07 November 2008

6 November minutes

The government should ban cram schools (hogwan).

The initial poll suggested that three were for and four were against the resolution. Four were absent.

The affirmative implores that cram schools (CS) compel students to stay late studying; banning CSs will improve student mental and physical health; because so many students enroll at CSs, it forces other students to join so as to not be left behind; CSs favor the rich because poorer families cannot afford the costs; CSs reduce the quality of public education; students wishing to enroll at a foreign language high school must meet entry requirements not regularly found in a middle school education—requirements often met after extensive study at a CS.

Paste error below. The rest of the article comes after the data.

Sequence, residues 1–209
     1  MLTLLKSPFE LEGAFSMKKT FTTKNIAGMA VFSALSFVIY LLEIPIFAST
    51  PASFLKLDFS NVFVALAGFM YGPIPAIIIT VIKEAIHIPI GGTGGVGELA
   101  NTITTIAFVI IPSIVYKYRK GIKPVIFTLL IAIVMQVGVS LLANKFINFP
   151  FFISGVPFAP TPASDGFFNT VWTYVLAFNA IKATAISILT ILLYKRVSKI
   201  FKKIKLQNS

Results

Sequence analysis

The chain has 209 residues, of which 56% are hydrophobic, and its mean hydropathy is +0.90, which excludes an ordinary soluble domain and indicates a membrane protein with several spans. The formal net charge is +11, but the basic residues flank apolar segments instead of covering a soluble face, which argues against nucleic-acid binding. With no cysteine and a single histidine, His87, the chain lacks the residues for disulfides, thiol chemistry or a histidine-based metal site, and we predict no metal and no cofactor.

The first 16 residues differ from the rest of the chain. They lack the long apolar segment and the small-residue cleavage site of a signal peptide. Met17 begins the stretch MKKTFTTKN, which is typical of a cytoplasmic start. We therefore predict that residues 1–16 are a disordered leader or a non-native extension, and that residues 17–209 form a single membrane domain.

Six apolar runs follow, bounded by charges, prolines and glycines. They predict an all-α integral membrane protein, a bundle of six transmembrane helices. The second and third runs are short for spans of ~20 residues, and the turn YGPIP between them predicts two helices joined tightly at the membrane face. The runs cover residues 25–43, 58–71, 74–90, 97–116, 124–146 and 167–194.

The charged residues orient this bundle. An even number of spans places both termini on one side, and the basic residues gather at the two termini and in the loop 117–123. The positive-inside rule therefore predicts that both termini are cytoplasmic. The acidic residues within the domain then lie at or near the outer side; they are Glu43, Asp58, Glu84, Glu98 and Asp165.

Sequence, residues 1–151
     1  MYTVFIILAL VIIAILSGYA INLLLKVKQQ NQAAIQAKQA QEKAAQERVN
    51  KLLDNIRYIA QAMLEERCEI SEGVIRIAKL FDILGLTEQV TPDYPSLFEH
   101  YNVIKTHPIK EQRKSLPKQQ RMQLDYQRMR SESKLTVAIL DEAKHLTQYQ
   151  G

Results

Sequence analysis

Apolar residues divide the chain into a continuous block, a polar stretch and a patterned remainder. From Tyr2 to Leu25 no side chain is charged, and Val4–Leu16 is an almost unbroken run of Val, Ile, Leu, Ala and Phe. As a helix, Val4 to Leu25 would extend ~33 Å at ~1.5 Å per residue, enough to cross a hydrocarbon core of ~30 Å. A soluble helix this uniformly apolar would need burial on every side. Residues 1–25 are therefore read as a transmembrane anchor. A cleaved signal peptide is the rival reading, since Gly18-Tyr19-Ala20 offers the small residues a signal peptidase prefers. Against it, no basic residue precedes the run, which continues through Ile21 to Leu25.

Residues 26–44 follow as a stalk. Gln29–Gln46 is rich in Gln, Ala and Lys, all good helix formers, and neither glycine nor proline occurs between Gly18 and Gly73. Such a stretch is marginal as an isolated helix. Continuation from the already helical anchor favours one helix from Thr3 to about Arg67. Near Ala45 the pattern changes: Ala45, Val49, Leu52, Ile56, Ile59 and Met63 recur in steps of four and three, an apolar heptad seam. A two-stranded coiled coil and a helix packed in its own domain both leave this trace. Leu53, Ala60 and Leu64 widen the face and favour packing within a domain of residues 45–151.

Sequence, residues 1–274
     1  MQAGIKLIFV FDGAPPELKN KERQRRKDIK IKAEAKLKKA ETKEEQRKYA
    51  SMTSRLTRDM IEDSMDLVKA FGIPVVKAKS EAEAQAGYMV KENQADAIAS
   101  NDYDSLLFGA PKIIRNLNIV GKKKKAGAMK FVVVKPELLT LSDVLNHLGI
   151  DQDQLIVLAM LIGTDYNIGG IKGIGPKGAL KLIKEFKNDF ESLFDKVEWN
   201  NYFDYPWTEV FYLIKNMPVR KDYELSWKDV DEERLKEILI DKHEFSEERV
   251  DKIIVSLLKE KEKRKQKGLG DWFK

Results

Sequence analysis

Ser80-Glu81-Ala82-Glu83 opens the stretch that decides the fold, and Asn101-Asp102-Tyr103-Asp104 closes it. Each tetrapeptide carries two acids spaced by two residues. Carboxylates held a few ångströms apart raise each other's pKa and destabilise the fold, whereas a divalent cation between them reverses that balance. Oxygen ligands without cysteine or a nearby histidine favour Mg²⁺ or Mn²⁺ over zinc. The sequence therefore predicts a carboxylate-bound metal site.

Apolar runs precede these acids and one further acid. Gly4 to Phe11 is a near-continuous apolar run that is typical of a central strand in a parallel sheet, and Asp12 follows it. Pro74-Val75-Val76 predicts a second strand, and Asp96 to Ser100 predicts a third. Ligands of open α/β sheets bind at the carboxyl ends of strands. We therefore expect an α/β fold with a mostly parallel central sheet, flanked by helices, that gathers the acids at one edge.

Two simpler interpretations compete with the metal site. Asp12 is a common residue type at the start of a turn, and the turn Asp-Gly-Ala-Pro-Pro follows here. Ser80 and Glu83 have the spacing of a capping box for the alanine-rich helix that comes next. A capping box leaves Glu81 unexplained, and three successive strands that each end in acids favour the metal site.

The negative claims that attendance is voluntary; CSs “favoring” the rich to the poor is not a problem of CSs;--there is an unavoidable gap in wealth; just because a family cannot afford to pay a CS does not mean that all cram schools should be banned; companies are meant to make profits, supply must meet demand; there is not enough teacher attention at regular school [due to the disparate student-teacher ratio].

The moderator found that the affirmative side conveyed a stronger case, leading four-to-two by the end of class. Tabulating the initial polling and the case arguments, the final score was seven-to-six in favor of affirmative.

No exit poll was conducted.

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